Eight Delegates Represented Our Council
at the National Ceonvention
Twenty-six adults and girls represented our council this month at the Girl
Scouts of the USA National Convention in Houston, Texas, as delegates, staff,
Girl Scout Leadership Institute (GSLI) members, and official visitors. This
triennium event supported 12,000 participants from across the country and
Serving our council as National Delegates elected by their peers were (l-r):
Chantella Crosby, Wellford; Kaitlyn Ward,
Irmo; Kim Neel, Columbia; Deborah Howell,
Greer; Karen Mitchell, Chair, Board of Directors, Spartanburg;
Dr. Michelle Martin, Columbia; Misty Carpenter,
Lancaster; and Bett Williams, Columbia. Not pictured:
Kim Hutzell, CEO, who served as an official Alternate Delegate.
While a detailed report will be shared by the Delegation at the upcoming council
business meeting, key highlights of the session included updates about new
badges, new programming, and a new commitment to raise $1 billion nationwide to
achieve a generational leap for girls. However, action taken on the official
proposals reviewed at our Annual and Town Hall meetings this fall include the
- Proposal 1 - Authorization for Annual Program Fee for Girl Members
- This proposal was amended to: Authorization for Council Service Fee for Girl
- This was approved as amended
- Proposal 2 - Timing for the Election of National Council Delegates in Councils
- This proposal was defeated
- Proposal 3 - Annual Membership
- This proposal was tabled and referred to a task group for further review
Representative Laurie Funderburk gave
Lee Morriss (L), VP/COO, GSSC-MM; Rep. Funderburk (R)
When our council teamed with Columbia’s IT-oLogy to encourage middle school
girls to surf the cyber world safely and to educate parents on the importance of
cyber safety, Representative Laurie Funderburk gave the keynote remarks at the
workshop in mid-September. A native South Carolinian who was born in Camden and
who is now a State Representative from Kershaw County, she is also a member of
our newest troop, 1912, made up of all 16 elected women in South Carolina’s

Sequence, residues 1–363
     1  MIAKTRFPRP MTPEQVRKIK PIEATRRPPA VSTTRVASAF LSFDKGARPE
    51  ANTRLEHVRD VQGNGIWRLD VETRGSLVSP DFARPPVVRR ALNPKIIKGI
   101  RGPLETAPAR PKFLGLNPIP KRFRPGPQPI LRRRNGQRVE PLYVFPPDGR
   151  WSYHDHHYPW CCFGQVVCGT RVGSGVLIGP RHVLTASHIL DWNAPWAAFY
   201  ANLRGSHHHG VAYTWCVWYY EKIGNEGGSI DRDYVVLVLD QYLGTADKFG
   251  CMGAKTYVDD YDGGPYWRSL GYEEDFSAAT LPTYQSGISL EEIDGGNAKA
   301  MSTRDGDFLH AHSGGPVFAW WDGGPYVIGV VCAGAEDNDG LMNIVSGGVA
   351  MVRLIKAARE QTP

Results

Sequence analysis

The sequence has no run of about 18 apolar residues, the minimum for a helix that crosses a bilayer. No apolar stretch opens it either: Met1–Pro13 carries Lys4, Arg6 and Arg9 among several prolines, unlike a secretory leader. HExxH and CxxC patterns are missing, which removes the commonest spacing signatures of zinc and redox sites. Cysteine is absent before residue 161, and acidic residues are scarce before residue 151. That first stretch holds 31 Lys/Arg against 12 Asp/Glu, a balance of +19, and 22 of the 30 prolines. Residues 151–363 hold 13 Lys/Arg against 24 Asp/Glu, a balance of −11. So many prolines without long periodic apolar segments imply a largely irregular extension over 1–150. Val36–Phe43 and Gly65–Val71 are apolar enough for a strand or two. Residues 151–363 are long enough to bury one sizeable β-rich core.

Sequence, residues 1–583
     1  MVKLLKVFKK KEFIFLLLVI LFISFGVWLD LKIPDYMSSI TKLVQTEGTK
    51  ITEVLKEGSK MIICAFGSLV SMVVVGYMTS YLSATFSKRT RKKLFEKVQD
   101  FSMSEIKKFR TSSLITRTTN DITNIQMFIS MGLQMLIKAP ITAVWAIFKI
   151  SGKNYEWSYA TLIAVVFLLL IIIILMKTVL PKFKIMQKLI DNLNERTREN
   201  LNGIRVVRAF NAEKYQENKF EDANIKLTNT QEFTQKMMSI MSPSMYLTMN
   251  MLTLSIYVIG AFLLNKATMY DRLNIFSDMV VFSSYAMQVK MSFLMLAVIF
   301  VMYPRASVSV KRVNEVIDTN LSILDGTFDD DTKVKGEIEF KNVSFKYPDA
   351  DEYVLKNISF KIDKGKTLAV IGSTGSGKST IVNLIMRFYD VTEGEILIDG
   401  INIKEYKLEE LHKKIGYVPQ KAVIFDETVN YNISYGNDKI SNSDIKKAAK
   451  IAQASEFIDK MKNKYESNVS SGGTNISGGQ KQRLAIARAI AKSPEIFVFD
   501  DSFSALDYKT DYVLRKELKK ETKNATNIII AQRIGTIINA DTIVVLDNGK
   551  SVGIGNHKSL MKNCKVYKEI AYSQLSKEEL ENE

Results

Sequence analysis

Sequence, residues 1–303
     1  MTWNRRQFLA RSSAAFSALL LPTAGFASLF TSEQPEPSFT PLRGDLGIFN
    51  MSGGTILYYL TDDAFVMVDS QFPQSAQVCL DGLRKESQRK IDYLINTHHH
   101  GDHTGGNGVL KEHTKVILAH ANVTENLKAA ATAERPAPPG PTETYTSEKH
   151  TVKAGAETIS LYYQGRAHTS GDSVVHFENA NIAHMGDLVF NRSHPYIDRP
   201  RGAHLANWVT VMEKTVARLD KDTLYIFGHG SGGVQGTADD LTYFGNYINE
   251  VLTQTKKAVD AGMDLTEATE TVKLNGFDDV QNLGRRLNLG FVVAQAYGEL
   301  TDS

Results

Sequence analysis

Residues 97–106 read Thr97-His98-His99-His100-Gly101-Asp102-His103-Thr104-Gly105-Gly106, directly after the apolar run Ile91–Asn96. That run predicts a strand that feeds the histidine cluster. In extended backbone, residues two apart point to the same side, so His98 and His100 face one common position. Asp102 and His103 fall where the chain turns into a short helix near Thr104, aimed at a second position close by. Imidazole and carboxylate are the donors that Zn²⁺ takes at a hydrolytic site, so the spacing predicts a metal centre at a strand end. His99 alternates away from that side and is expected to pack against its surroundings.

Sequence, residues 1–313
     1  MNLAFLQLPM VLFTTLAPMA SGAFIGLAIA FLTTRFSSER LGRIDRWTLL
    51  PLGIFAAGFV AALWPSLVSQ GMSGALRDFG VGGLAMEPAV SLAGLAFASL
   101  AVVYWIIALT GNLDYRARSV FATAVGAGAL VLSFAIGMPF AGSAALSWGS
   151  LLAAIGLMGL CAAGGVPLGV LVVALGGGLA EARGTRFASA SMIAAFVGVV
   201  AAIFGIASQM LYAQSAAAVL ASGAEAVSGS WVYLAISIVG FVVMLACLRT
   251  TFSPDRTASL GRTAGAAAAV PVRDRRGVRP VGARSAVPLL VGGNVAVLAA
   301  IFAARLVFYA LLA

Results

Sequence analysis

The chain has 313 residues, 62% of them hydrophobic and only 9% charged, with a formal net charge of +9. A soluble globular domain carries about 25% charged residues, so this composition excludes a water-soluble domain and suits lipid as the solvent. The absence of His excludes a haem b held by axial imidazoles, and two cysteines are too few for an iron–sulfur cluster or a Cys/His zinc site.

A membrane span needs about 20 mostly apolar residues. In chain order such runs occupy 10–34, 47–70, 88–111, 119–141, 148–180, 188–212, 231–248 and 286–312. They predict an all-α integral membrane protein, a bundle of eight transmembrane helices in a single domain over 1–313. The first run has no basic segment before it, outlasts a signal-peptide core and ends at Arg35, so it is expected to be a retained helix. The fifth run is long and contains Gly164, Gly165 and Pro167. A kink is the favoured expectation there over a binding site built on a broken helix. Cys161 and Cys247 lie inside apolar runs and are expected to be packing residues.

House of Representatives. She shared her thoughts that “Online bullying is a
serious and growing problem.” Event partner IT-oLogy is a not-for-profit
collaboration of businesses, academic institutions and other organizations
dedicated to growing the IT talent pipeline, fostering economic development and
advancing the IT profession. The half-day cyberIQ workshop presented tips about
effective prevention to protecting youth and adults from online bullying.
Updates Badges Offered
Girl Scout councils across the country have recently rolled out an all-new
collection of badges aimed at giving girls the leadership skills they need to
succeed in today’s world. Girls can still earn popular, traditional proficiency
badges such as Naturalist, Athlete, and Cook − topics as relevant today as they
were in 1912 − but now they also have badges reflecting current interests such
as Product Designer, Digital Movie Maker, Customer Loyalty, and even the Science
of Happiness. And new “Make Your Own” badges at every level give girls the
opportunity to explore any interest they choose.
"In addition to combining the updated badge program with the Leadership Journey,
we have launched the Girl’s Guide to Girl Scouting which is the next exciting
chapter of the Girl Scout Leadership Experience as we enter our 100th year,"
states Kim Hutzell, President and CEO, Girl Scouts of South Carolina - Mountains
The Leadership Journey, a coordinated series of activities grouped around a
theme, was introduced three years ago and its content has been correlated by
grade level to the new national Common Core Standards and the 21st Century
Skills standards, as well as to the Health & PE, Language Arts, Math, Science,
and Social Studies learning objectives for all 50 states and the District of
Columbia. The Leadership Journeys help girls explore how to be leaders in their
own lives and in the world around them as they take on projects to prevent
bullying, understand the importance of healthy media images, protect the
environment, and more.
The new, substantive, contemporary badges come in five categories and each ties
in with a Journey: Legacy, Financial Literacy, Cookie Business, Skill-Building,
and Make Your Own. There are also awards such as a new pin called My Promise, My
Faith, which helps a girl celebrate what her faith and the Girl Scout Law have
IN GIRLS WE TRUST
10 girls attended the Girl Scout
10 local Girl Scouts, ages 13 or older, were specially selected from among 41
council applications to attend the Girl Scout Leadership Institute (GSLI) in